What If the Green Line Isn't Extended?
Who doesn't love a little alternative history? What if Dewey had defeated Truman? What if we never traded Babe Ruth? What if Zayn never left One Direction? Well here's one for you: What if the $2B mass transit Green Line project doesn't get built. We now know it could be $1B over budget, so this isn't necessarily just a thought exercise. Here are some developments, institutions and neighborhoods that could be set back if things fall apart.
Yesterday, Somerville Mayor Joseph Curtatone spoke at transportation officials' first public meeting since the MBTA estimated that the long-planned Green Line extension could be up to $1B over the projected budget. The Mayor tells us he was encouraged by the public support and the willingness of officials to find “smart” ways to trim costs. The Green Line extension would add six new stations in Somerville, one in Medford and rebuild the Lechmere stop in East Cambridge, a linchpin in the ecosystem of Kendall Square, one of the nation’s strongest commercial property markets. It could mean: $5.5B in private investment, 18M SF of new development and eventually $2.5B in new state and local taxes, the city of Somerville estimates. The Mayor aims to cut the cost without losing any stations.
1. Union Square
A city plan calls for up to 2.3M SF of private, mixed-use development valued at $1B, much of it revolving around the planned Union Square T-stop. Last year, a city aithority chose a master development team led by Chicago-based Mesirow Financial and Magellan Development, aka, US2. The site has been cleared for construction of the station and up to 700k SF of development that could break ground in late ‘16.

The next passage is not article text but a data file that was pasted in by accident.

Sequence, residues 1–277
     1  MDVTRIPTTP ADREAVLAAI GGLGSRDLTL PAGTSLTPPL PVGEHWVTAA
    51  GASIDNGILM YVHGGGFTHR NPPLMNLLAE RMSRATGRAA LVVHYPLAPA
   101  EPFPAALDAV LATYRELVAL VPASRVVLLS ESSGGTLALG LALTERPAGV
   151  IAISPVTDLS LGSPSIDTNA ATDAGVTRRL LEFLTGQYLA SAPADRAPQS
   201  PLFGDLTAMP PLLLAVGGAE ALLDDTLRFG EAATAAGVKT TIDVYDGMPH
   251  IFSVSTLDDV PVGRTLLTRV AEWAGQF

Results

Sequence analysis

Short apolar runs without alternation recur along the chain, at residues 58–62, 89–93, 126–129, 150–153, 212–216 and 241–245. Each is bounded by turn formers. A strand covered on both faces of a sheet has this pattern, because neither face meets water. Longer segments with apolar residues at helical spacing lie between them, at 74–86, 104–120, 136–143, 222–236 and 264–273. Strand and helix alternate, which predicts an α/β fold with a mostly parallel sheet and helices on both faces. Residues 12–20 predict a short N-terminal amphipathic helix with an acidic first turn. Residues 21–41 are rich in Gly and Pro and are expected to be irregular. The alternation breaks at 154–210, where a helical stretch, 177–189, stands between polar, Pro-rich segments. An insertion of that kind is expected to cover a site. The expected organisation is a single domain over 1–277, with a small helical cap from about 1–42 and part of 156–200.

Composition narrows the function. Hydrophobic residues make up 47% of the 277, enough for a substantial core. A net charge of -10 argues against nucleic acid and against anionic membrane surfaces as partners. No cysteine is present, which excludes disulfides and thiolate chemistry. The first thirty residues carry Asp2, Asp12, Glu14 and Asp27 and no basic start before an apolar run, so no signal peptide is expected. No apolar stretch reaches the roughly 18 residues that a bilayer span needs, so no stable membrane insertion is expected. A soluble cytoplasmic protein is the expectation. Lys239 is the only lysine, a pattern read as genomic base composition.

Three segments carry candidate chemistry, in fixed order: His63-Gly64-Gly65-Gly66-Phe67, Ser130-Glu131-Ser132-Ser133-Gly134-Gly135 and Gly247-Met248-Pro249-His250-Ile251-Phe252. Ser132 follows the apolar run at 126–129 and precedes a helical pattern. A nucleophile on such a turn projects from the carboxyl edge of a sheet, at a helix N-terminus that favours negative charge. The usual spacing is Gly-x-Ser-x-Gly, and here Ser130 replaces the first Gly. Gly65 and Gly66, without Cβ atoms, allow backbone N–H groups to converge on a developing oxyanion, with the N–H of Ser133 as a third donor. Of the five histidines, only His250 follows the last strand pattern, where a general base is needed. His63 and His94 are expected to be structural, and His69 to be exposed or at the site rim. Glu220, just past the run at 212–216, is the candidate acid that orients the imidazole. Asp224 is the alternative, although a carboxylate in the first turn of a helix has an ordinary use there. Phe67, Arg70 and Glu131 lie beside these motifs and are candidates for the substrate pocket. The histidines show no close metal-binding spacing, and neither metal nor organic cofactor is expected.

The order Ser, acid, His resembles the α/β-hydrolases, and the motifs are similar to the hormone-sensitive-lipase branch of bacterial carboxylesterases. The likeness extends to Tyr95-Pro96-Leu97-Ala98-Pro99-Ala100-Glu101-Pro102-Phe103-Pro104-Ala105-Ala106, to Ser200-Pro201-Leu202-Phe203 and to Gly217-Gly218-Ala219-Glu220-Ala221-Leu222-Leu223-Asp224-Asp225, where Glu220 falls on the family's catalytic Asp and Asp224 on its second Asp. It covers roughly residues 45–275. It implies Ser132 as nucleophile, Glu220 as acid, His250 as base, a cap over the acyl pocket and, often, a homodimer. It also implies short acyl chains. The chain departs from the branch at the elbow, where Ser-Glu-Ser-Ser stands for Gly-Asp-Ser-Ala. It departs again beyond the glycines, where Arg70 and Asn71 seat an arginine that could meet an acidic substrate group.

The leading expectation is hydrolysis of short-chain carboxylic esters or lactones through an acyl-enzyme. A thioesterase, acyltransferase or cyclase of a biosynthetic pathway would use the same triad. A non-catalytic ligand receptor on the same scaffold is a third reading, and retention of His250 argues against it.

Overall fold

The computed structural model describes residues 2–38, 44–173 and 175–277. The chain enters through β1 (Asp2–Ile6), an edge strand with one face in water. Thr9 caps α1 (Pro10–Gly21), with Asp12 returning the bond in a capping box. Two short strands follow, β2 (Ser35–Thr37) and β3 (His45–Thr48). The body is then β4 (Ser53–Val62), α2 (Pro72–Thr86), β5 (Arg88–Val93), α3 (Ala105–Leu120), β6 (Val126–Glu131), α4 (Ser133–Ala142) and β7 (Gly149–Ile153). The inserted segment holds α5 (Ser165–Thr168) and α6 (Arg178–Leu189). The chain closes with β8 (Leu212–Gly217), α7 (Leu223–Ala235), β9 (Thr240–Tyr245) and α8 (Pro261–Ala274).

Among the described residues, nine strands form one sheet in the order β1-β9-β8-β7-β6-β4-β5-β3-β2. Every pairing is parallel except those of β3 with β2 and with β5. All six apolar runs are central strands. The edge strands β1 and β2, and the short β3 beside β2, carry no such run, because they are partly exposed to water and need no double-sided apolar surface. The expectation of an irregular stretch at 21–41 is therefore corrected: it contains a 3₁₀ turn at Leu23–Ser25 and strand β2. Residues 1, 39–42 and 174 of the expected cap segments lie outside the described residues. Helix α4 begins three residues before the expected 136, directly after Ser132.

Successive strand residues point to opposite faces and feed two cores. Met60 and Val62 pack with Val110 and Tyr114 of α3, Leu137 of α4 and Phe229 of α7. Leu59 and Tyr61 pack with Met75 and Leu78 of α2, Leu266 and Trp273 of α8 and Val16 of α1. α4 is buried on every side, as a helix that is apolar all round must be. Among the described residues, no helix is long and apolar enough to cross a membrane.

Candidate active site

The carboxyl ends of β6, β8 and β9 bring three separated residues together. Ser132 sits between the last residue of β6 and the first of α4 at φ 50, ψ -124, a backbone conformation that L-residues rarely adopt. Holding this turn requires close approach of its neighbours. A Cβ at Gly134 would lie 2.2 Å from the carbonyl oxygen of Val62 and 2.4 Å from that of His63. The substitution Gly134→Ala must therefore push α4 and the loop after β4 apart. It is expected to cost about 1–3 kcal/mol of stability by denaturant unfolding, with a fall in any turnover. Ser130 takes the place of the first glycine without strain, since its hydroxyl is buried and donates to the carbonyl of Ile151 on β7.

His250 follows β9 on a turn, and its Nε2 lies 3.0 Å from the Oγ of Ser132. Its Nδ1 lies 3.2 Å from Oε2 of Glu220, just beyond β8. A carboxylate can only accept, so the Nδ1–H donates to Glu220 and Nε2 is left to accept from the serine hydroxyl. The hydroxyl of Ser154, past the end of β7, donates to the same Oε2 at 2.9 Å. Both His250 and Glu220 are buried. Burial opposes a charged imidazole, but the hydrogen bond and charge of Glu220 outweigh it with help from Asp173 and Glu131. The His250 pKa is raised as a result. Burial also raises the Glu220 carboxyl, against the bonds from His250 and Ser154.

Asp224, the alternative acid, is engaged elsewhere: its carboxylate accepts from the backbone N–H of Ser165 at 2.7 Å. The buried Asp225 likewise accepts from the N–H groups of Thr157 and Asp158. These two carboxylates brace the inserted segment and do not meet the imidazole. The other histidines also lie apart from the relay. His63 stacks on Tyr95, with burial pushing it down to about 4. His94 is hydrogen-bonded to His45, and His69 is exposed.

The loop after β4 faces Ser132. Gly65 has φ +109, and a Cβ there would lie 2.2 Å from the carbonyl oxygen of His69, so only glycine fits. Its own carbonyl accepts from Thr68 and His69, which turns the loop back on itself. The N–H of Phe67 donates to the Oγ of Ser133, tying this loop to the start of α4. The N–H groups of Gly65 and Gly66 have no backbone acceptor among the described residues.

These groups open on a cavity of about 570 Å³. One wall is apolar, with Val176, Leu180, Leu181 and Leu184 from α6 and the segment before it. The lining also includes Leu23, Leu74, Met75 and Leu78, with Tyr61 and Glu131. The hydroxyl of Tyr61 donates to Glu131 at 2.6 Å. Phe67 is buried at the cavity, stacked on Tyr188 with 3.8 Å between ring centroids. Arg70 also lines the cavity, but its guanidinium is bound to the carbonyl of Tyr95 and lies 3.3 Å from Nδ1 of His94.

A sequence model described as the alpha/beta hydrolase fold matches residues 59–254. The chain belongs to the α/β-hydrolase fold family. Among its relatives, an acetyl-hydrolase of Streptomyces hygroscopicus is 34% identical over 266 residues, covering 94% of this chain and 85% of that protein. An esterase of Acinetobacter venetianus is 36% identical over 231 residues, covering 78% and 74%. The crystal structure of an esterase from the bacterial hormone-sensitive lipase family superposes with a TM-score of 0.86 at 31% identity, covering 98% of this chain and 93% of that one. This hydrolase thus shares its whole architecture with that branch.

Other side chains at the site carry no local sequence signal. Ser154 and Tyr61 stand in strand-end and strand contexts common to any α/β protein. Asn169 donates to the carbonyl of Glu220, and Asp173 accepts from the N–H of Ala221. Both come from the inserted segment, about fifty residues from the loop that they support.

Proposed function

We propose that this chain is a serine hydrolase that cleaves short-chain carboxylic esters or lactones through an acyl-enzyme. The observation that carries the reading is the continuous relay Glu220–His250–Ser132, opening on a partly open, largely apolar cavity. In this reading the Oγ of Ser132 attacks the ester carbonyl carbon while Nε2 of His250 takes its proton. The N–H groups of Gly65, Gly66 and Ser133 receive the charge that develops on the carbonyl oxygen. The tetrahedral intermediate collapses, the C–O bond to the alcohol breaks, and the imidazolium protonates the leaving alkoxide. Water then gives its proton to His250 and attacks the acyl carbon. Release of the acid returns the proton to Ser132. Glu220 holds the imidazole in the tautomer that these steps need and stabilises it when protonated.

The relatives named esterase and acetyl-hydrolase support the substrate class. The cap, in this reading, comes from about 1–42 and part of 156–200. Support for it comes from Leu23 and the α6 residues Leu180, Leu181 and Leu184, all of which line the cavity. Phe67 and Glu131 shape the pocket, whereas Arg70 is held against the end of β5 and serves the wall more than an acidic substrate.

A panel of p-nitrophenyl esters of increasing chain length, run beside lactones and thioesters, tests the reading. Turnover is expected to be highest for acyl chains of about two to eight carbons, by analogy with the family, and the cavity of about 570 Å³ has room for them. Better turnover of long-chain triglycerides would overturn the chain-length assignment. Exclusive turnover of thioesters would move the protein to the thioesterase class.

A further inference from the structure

Today, Union Square may look sleepy, but it's a major intersection of one of America’s most densely populated cities. However, less than 20% of the residents can walk to a rail station; with the extension, at least 85% will be within walking distance.
This 180-acre area that borders East Cambridge could see 4.4M SF of development if the Washington Street stop is built as planned. In the Innerbelt, the profusion of light industrial space, junk yards and vacant lots could be replaced with 2.8M SF of new commercial space that would generate 8,000 jobs and 1,000 homes. The Brickbottom neighborhood with its well-established artist communities could get 1.6M SF of commercial space, 750 homes and 4,500 new jobs.
3. Gilman Square
Gilman, like Lowell Street and Ball Square, presents a smaller but still significant development opportunity. The city projects that Gilman Square could see 250k SF of commercial development that would generate 300 jobs and lead to the construction of 150 new homes.
4. Tufts University
College Avenue, the northern most stop planned, would fulfill the university’s longstanding desire to have a direct link between its Medford campus and its downtown Boston campus (where its medical school, dental school and life science initiatives are based). This would be a huge plus for Tufts and a big boost to Boston aspirations to build on the life science community growing at the Seaport since Vertex opened its $900M HQ nearly two years ago.
Among the larger multifamily projects in the area (392 units), Wood Partners purchased the site for Zinc at 22 Water St years ago, in part because the relocated, rebuilt Lechmere T-stop would be at its front door. Another reason: it’s in the orbit of Kendall Square, home of a leading global life science cluster, where there’s hardly any office and lab space available and gross rents are hitting $100/SF.
6. North Point
This summer, Divco West paid $291M for Canyon Johnson’s interest in the North Point site where the 355-apartment, luxury Twenty20 recently opened. No doubt, the new Lechmere T-stop was a major factor, says NAIOP CEO David Begelfer. The entire 45-acre former rail yard is permitted for 5M SF: 2,800 residences and 2.2M SF of commercial space including offices and labs and recreational uses. It’s integrating what was once industrial property that straddles Boston, Somerville and Cambridge with the hot Kendall Square submarket, where millions of square feet of development are planned or underway.